Acorn Project 2.5.16

Seattle, WA
Nectar Lounge

Words By Coleman Schwartz
Photos By J. Scott Shrader (J. Scott Shrader Photography)

Bellingham, WA-based electro-funk outfit, Acorn Project, returned to Seattle’s Nectar Lounge for another stellar two-set show on a Friday evening. The psychedelic sextet is comprised of Sam Lax (saxophone, electronic percussion, laptop production, vocals), Andy Pritiken (rhythm guitar, lead vocals), Oskar Kollen (keys, vocals), Scott Vaillancourt (bass guitar), Kevin Chryst (drums) and Sammy Eisen-Meyers (lead guitar). This was the group’s first Seattle appearance since the Fall of 2015, and they made sure to deliver to a great crowd of regional fans.

This group is a jamband that tastefully integrates funk, electronica and rock into their material. Their improvisation is a wild, groovy ride that often features direction from Vaillancourt. Without detracting from the band’s groove, Vaillancourt was able to effectively use the bass guitar as a lead instrument throughout a surprising portion of the show. His chops were on-point, and his tone was booming and thick. His driving style helps him to authoritatively steer the ship through even the murkiest of improvisational waters.

As I watched them perform, one other band I notice similarity to is the Disco Biscuits. Pritiken’s vocal work bears a number of similarities to that of Jon “The Barber” Gutwillig, including his smooth, spoken-word style delivery and narrative-style lyricism. This similarity is also felt in their improvisation, which often features Kollen’s synthesizers over bouncy, powerful drumming from Chryst.

Comparisons aside, their sound is definitely still very guitar-based. Eisen-Meyers and Pritiken spend a decent amount of time playing dual leads, but generally Pritiken focuses more on rhythm and his singing. His rhythm playing was usually very funky and I really admire the way he is able to syncopate his vocals with his playing. The scope of the guitar work in this band is impressive, ranging from big, bluesy, psychedelic riffs all the way to more ambient, minimalistic parts. Eisen-Meyers seems very at home on the fretboard, and it was a pleasure to see how relaxed his approach to playing was. He was very even-keeled, and always gave the impression that he had mastered his part completely.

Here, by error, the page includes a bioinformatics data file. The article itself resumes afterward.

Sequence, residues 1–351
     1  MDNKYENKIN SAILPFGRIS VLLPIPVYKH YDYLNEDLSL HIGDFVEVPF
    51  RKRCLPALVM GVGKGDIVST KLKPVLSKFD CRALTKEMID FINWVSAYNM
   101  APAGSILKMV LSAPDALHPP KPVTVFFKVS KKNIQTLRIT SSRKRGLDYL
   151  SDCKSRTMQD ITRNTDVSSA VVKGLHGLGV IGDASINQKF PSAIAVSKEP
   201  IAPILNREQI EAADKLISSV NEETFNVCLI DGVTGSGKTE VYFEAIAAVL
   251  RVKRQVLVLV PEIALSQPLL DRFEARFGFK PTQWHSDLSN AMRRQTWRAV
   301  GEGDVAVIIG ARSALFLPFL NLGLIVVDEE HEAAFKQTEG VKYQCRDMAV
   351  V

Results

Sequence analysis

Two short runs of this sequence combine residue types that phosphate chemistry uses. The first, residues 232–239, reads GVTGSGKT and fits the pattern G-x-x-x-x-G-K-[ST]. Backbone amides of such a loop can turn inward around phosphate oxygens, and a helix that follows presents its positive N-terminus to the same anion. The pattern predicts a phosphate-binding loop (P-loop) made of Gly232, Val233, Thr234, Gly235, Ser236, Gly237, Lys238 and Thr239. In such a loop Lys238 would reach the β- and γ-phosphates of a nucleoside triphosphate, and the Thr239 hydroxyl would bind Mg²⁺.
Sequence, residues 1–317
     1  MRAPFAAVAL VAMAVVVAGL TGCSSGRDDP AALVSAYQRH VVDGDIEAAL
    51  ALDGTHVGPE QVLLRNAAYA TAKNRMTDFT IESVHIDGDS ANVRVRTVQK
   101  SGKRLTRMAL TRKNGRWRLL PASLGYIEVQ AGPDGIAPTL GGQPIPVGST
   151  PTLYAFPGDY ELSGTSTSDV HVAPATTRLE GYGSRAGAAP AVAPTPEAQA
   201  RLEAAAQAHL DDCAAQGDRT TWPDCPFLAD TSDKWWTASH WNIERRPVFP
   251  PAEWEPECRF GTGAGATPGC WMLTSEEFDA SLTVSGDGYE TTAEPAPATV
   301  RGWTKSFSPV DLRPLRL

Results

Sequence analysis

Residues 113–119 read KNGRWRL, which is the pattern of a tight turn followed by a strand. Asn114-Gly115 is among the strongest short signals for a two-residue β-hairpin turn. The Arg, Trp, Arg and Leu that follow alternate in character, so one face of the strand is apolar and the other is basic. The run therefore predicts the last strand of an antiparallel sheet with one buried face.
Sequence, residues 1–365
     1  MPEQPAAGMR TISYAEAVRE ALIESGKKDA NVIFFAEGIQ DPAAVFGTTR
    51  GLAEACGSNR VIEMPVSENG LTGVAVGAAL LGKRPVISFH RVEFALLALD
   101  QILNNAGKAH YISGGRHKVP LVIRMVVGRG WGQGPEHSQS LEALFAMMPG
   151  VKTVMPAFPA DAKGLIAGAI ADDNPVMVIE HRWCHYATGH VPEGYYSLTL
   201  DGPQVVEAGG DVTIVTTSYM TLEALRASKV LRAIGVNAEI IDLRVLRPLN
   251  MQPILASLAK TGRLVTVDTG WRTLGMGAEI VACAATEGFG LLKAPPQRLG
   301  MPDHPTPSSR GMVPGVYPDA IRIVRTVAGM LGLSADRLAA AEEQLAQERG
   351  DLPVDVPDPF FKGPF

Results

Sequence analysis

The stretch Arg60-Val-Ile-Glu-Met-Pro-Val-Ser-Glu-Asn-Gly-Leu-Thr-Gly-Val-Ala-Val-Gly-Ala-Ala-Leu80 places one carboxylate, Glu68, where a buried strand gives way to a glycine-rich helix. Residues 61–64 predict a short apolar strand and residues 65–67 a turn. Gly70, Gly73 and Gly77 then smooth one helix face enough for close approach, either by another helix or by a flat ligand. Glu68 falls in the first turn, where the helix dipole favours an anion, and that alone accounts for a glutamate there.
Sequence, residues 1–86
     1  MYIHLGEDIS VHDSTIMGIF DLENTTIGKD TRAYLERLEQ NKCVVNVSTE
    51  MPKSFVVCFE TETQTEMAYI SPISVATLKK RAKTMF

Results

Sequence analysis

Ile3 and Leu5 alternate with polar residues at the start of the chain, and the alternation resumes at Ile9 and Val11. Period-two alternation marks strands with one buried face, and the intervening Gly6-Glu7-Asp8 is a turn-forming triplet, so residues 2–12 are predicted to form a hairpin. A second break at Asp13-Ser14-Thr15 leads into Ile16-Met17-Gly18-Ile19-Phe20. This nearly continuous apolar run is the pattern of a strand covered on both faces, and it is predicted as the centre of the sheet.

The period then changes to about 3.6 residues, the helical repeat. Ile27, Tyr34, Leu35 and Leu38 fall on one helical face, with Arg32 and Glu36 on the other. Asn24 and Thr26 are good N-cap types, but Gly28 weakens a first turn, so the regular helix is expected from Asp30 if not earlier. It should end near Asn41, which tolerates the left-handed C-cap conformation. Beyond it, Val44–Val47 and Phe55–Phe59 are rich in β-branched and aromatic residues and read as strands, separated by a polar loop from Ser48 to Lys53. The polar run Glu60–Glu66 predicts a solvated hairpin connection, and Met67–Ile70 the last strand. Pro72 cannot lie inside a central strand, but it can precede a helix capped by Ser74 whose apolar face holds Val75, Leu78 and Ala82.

I was also really impressed with Lax’s versatility. It seemed like every time I turned my ears in his direction, he had prepared something new and different. His multitasking skills were critical to the band’s ability to get spacy and weird. In general, his job in the band is to fill out their sound and keep things exciting. His delay-pedal sax work was marvelously expressive, while his electronic percussion and production helped to add a different facet to this guitar-driven ensemble. He reminds me a bit of STS9’s Jeffree Lerner in terms of the variety of aural textures he is able to add to the band’s sound.

This was my third time seeing the group perform, all three of which have come since they returned from their recent hiatus. I have to say that this particular performance was the one that hooked me and motivated me to spend more time digging into their studio material. As the band gels back together, I can see their hard work and practice paying off as they demonstrate marked improvement at every show. The hiatus seems to have served its purpose well, as the group seems refreshed, focused and relaxed onstage.

Acorn Project is definitely making a unique contribution to the scene here in the Pacific Northwest. Their musical interplay is thrilling to watch and listen to, and their show has something to offer to all types of music lovers. Look for their continued improvement and growth as time goes on!

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